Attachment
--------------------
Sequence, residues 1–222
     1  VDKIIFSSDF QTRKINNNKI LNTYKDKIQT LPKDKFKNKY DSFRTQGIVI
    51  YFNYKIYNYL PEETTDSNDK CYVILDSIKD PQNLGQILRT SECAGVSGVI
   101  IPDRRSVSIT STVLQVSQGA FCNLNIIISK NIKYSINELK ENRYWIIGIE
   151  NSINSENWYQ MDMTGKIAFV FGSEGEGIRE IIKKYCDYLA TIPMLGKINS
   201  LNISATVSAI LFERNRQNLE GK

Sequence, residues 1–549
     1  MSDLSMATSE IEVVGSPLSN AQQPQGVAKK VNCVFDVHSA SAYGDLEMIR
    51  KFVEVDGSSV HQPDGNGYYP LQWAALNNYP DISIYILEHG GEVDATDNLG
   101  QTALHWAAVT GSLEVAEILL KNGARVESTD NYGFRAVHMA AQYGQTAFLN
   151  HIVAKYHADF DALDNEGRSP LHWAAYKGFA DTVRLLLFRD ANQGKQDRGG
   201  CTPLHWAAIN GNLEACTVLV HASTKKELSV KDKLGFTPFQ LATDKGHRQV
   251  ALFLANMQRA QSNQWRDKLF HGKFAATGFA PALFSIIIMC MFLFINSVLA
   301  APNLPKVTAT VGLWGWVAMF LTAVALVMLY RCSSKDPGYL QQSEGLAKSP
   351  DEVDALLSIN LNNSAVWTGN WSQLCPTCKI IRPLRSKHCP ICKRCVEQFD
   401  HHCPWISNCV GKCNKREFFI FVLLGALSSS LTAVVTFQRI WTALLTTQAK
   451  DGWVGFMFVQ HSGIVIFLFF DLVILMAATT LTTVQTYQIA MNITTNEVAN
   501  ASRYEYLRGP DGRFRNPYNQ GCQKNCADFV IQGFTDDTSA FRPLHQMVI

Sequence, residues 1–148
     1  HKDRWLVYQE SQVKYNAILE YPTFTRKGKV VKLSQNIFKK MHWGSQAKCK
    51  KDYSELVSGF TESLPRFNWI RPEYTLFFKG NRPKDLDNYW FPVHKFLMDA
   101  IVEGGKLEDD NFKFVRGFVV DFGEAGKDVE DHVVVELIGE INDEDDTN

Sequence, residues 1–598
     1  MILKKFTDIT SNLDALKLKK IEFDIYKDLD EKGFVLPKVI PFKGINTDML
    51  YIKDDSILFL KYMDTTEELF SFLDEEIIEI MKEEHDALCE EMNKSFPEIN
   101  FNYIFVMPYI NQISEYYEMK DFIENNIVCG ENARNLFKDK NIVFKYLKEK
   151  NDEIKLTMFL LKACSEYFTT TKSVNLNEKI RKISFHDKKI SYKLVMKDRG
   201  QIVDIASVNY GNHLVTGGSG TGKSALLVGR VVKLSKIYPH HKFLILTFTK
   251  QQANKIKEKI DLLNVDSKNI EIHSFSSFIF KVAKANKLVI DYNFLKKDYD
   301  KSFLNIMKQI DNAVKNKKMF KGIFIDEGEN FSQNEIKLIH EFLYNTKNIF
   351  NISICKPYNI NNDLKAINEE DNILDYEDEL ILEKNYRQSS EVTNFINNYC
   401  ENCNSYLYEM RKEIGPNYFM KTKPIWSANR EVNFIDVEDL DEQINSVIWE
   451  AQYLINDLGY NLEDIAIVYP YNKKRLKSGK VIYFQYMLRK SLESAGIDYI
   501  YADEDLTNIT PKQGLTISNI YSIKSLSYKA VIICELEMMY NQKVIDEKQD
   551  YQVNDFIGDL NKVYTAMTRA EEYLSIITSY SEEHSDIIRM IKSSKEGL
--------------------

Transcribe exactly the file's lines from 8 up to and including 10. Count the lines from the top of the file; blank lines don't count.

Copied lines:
     1  MSDLSMATSE IEVVGSPLSN AQQPQGVAKK VNCVFDVHSA SAYGDLEMIR
    51  KFVEVDGSSV HQPDGNGYYP LQWAALNNYP DISIYILEHG GEVDATDNLG
   101  QTALHWAAVT GSLEVAEILL KNGARVESTD NYGFRAVHMA AQYGQTAFLN